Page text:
The polls were chilly, wet, and lonely Tuesday as few Philadelphians decided that races for mayor, Council, and other city posts were interesting enough to lure them to the voting booth.
"It's as slow as cold molasses here today," Election Judge K. Helena Davis said inside the fire station at Chelten Avenue and Baynton Street in Germantown. "To a point where some of the poll workers already left. There is not any excitement here."
Reviewing the turnout about 5 p.m., Ellen Mattleman Kaplan, vice president of the watchdog group Committee of Seventy, called the turnout "anemic" and "pathetic."
She pointed to the First Council District, where four Democrats were vying to replace Frank DiCicco, who is retiring.
In Division Six of Ward 39 in DiCicco's district, only 170 of 506 registered voters had showed up at the polls as of 6 p.m.
Contested mayoral races bring out voters, Mattleman Kaplan said, and even though there was a contest between Mayor Nutter and T. Milton Street Sr., "I think most people thought Nutter would beat Milton no matter what, so they didn't come out."
She said Tuesday's turnout was typical of a midterm race where an incumbent mayor doesn't face serious opposition.
By sitting out the mayor's race, she said, voters also missed a real chance to change the makeup and direction of City Council, which had five incumbents retiring.
"I don't think they understood the significance of the Council race," she said.
About one million voters are registered in the city.
"I don't know why these people don't get out to vote," said U.S. Rep. Bob Brady, who chairs the city's Democratic City Committee. "The ticket was so vast. They could have come out for somebody." Then, he said, people complain about the politicians they have. "If they don't vote, they don't count."
Even so, Brady said he was pleased with the results - that his at-large endorsed candidates won, along with seven out of 10 Common Pleas Court judge candidates.
"I'm extremely proud of our ward leaders," he said. "We've still got the only machine in the country."
Many election workers blamed the rain and the lack of exciting races for the low turnout.
Gloria Gregory, 81, a geriatric counselor who has served as an election judge in the 10th District, Division 8, for 27 years, said she was not optimistic: "We're going to have a very, very, very pitiful census today."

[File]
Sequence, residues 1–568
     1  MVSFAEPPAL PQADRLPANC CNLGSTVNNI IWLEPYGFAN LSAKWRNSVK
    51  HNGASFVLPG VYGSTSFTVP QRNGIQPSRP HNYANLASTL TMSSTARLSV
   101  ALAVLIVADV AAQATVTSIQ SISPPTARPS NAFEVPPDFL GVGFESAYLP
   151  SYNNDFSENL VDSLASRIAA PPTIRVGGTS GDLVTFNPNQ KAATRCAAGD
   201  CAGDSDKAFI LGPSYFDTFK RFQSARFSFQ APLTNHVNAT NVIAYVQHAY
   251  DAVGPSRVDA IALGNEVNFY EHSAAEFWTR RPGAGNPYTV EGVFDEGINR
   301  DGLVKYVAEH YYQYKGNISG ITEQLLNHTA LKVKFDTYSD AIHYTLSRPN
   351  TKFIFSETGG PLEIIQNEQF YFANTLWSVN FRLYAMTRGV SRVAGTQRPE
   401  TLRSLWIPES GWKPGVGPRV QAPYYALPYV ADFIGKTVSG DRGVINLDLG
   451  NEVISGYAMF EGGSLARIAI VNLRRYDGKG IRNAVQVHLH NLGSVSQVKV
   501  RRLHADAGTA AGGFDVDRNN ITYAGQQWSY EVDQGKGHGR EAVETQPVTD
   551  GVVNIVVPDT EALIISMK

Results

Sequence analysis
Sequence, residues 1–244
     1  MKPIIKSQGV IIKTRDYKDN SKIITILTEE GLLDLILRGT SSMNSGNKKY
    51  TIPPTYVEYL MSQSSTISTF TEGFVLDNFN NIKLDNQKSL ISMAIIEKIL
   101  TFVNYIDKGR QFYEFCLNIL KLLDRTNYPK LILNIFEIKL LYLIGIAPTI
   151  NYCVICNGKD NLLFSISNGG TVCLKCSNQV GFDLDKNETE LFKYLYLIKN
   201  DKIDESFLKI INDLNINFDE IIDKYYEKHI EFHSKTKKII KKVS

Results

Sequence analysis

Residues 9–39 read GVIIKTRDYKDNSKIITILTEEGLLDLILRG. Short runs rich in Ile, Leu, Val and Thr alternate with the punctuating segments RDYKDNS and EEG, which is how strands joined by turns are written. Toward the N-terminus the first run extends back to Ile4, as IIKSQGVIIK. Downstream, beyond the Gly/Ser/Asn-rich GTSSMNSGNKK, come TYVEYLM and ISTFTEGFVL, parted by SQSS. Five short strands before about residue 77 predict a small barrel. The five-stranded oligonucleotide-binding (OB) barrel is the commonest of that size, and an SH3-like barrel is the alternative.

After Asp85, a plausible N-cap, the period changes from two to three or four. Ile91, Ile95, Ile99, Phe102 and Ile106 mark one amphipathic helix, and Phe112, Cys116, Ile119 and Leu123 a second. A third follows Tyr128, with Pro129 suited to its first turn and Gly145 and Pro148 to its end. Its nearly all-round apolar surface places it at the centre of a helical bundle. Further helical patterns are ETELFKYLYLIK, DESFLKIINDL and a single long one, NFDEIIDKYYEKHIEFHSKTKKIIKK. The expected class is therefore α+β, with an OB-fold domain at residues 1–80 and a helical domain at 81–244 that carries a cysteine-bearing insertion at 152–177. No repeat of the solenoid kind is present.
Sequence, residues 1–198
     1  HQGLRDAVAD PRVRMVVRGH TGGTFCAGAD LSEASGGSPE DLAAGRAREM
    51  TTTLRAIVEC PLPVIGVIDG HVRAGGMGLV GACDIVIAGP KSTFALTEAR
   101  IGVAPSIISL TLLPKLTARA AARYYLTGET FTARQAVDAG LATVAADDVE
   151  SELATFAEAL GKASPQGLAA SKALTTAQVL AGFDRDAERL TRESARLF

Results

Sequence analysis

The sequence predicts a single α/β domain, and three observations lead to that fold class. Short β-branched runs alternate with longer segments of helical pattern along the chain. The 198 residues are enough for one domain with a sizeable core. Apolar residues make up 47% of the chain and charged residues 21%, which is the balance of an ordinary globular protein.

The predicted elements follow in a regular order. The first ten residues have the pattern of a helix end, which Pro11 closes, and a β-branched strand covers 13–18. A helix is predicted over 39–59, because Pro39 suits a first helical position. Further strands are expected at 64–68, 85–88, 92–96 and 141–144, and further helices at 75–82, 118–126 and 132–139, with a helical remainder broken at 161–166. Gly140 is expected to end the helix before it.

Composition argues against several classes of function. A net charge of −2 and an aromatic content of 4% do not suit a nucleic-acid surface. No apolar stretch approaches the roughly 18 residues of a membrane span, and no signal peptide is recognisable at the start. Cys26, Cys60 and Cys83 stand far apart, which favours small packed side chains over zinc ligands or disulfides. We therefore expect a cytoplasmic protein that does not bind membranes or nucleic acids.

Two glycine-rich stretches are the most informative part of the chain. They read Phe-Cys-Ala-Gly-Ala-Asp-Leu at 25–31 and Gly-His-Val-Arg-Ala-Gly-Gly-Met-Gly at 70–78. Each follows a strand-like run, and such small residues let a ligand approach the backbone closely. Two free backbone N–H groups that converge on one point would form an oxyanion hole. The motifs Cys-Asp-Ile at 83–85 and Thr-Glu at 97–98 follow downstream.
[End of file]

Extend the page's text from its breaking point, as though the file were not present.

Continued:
Only 23 voters had come out by mid-morning, a minuscule percentage of the 582 registered.
"It's the same old same old," Gregory said. "The politicians overlook us in West Oak Lane. Voters figure, what's the use? We only see you at the time of the election."
Gregory noted that sidewalks have not been repaired while neighboring areas have been revitalized and said, "If I wasn't a dedicated public servant, I wouldn't be here myself."
Luis Martinez, 51, said civic pride led him to vote Tuesday evening at his polling place at Midtown Church's teen lounge near Seventh and Norris Streets. "I'm a citizen," said Martinez, on his way to visit his sister before church, "and I like to do my civic duty."
Several Center City poll workers attributed the sparse voter turnout to the high number of students who live in the area - but aren't voting in this election.
"They've graduated or are finishing up final projects," said Lois Durso, an election board worker in the 29th Division of Center City's Fifth Ward. Besides, she said, "this is not an election that is exciting students - they are not interested in who becomes judge of Common Pleas Court."
At her polling place in the William Way Center, a mere eight voters out of 570 registered had showed up by 3:30 p.m.
A few blocks away, at Pine Street Pizza, polling booths were a bit busier, with 75 ballots cast by mid-afternoon. The restaurant, which is in the Seventh Division of the Fifth Ward, has a total of 764 registered voters. In the 2007 mayoral primary, 230 voters came out to vote there.
At Salon Chelsea Rae in Northeast Philadelphia's Mayfair section, Election Judge Christine Davidson said turnout had been a little higher than expected - maybe a hair more than the last primary. Shortly before 3 p.m., 62 people had voted, which she believed was more than the number who had visited the beauty parlor/ polling place in the last primary.
Of course, some voters you can't keep away, no matter how trite or unexciting an election.
"I haven't missed an election vote in 36 years, primary or general," said Jerome Balter, a 90-year-old former engineer who said he once ran for Congress from Rochester, N.Y.
"I believe it is the democratic thing to do."